Google takes on Microsoft's Image Creator from Designer with a cool tool that lets users fine-tune outputs using 'expressive chips'

Google image creator
(Image credit: Future)

What you need to know

  • Google recently announced that Bard, ImageFX, Search, and Vertex AI will run on its updated Imagen 2 model.
  • The company promises more quality and detailed AI-generated images since the model is trained on "higher-quality and image-description pairings."
  • The company also debuted a new image generation tool dubbed ImageFX, which is similar to Microsoft's Image Creator from Designer.
  • Interestingly, the tool lets you fine-tune your images by allowing you to alter your prompt using expressive chips.

Google is doubling its focus on AI, recently shipping its updated Imagen 2 model across Bard, ImageFX, Search, and Vertex AI. The new model places Google on an even playing field to compete against OpenAI's DALL-E 3, Midjourney, and more. 

According to Google, the new model is powered by Google DeepMind's latest text-to-image advancements. What's more, it's trained on higher-quality and image-description pairings. This will allow the model to generate "more detailed images that are better aligned with the semantics of people's language prompts." As such, Google Bard will now be able to compete with Microsoft Copilot on an even playing field.

The company also unveiled an experimental image generation tool dubbed ImageFX. Like Microsoft Copilot, it generates images based on text prompts. But what sets it apart from other image-generation tools is that you can modify your prompt using expressive chips, ultimately allowing you to fine-tune the output further. Google explains that ImageFX is "designed for experimentation and creativity." Users can access the tool via Google's AI Test Kitchen, where they can also create and interact with other generative experiments such as MusicFX and TextFX.

Not your average image generation tool

(Image credit: Kevin Okemwa)

I happened to test out the experimental ImageFX tool, and it's pretty neat. It's pretty fast, too; generating the image I wanted only took a split second. This is in addition to the expressive chips, which allow you to change/alter your prompt. 

I tried to recreate the same image on Bing Image Creator Image Creator from Designer and noticed it was slightly slower than ImageFX. However, the images generated were pretty good. However, ImageFX looks more realistic and lifelike, in my opinion. 

It's worth noting that you can also alter the text prompt on Image Creator from Microsoft Designer. Still, it's essentially giving another prompt to the tool for it to generate a new image (starting from scratch). This is why I find the expressive chips on Google's experimental tool so effective and efficient.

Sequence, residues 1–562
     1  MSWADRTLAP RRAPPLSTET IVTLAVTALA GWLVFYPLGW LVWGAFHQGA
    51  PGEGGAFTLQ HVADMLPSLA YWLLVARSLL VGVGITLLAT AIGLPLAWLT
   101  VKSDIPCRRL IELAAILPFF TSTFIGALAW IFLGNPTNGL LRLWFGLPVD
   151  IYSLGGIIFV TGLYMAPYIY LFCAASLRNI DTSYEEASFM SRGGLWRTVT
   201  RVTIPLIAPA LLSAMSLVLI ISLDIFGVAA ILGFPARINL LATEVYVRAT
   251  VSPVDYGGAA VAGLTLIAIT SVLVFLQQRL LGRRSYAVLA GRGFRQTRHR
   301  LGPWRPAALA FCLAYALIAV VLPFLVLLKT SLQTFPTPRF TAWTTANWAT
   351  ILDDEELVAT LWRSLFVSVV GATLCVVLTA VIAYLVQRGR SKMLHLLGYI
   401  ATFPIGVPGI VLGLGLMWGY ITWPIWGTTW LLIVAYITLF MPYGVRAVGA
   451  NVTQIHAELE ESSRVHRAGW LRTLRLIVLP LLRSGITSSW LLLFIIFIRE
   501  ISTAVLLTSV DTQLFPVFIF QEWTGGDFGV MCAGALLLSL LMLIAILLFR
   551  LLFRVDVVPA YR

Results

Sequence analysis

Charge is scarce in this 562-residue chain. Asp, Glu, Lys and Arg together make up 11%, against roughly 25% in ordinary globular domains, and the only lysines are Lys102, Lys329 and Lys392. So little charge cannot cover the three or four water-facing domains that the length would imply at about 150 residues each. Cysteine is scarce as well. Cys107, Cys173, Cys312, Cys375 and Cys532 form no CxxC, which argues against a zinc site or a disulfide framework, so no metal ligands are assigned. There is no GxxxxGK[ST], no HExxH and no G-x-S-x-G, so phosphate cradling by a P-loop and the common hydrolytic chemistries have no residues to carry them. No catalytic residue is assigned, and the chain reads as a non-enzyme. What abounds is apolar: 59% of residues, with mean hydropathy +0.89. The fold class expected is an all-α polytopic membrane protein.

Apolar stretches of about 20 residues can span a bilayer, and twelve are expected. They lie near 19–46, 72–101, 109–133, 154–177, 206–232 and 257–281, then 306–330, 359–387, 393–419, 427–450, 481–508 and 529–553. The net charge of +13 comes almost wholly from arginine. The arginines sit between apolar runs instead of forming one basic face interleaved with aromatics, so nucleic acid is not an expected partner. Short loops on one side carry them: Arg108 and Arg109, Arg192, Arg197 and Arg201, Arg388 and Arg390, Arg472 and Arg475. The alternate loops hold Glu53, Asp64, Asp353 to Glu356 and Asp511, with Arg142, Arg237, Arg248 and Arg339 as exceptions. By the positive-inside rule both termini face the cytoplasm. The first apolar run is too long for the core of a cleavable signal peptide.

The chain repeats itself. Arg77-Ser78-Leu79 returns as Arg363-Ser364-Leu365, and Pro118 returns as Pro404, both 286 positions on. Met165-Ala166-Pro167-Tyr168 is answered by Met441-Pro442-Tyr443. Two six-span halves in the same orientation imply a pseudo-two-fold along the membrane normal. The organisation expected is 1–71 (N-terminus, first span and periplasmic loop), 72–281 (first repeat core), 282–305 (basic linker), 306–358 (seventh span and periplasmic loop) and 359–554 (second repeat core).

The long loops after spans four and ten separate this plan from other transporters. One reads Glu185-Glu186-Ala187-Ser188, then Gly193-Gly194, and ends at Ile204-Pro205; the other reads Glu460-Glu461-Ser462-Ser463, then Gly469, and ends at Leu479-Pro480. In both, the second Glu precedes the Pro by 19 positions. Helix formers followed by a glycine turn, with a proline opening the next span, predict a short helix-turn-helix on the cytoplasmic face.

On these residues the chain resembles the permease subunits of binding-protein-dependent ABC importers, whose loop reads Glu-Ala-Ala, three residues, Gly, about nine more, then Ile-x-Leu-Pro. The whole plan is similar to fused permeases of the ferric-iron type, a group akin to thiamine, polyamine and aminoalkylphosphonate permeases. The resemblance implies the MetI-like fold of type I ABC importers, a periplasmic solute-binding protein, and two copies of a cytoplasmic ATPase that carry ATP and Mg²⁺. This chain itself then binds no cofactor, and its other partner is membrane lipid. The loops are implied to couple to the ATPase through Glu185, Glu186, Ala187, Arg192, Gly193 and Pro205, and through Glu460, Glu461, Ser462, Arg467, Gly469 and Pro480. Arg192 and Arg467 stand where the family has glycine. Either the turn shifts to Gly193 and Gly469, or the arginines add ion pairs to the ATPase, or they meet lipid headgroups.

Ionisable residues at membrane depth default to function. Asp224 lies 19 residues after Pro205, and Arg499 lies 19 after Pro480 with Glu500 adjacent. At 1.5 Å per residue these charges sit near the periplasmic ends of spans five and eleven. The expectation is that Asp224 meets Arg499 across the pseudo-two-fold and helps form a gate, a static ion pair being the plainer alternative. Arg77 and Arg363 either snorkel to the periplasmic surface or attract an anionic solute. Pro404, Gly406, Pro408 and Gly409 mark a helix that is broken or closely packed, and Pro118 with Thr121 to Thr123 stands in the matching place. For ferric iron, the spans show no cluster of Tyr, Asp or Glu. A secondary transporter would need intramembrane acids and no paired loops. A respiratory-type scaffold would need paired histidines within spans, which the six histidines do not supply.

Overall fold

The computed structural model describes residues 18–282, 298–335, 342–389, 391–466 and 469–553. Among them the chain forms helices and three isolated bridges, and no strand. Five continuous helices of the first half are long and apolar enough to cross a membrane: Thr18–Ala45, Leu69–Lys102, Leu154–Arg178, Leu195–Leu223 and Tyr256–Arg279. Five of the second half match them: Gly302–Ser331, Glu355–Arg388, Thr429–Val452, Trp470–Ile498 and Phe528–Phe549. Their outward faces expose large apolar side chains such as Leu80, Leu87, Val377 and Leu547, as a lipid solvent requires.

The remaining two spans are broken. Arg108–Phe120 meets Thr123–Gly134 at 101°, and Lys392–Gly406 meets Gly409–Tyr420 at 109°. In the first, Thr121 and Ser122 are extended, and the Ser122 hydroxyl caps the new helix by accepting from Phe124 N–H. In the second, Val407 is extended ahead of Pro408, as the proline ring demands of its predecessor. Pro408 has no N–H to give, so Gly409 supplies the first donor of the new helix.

(Image credit: Kevin Okemwa)

This is happening amid the prevalence of AI deepfakes on the internet. However, Google has embedded a link to its Privacy and Terms of Service policies on ImageFX's user interface, which broadly specifies what you can and can't do using the tool. There's an obvious need for regulation of such tools to prevent misuse.

Microsoft already shipped a new update to Microsoft Designer, which is believed to be the tool used to generate sexually explicit content featuring pop star Taylor Swift. The update regulates and prevents users from generating explicit content on the platform, coupled with the newly imposed Disrupt Explicit Forged Images and Non-Consensual Edits (DEFIANCE) Act designed to regulate and prevent such occurrences.

Censorship is one of the main reasons why most users feel Image Creator by Designer has been lobotomized. I can't help but wonder what impact the newly imposed rules and regulations will have on image-generation tools and AI in general in the long run.

READ MORE: Microsoft can protect the US elections from AI deepfakes and misinformation

Elsewhere, MusicFX, Google's text-to-music tool, is also getting the expressive chips feature, which means besides creating music using prompts up to 70 seconds with the option of adjusting the tempo, you can fine-tune the lyrics based on your preference.

You can also play around with these experimental tools if you're in the US, New Zealand, Kenya, and Australia. 

Kevin Okemwa

Kevin Okemwa is a seasoned tech journalist based in Nairobi, Kenya with lots of experience covering the latest trends and developments in the industry at Windows Central. With a passion for innovation and a keen eye for detail, he has written for leading publications such as OnMSFT, MakeUseOf, and Windows Report, providing insightful analysis and breaking news on everything revolving around the Microsoft ecosystem. You'll also catch him occasionally contributing at iMore about Apple and AI. While AFK and not busy following the ever-emerging trends in tech, you can find him exploring the world or listening to music.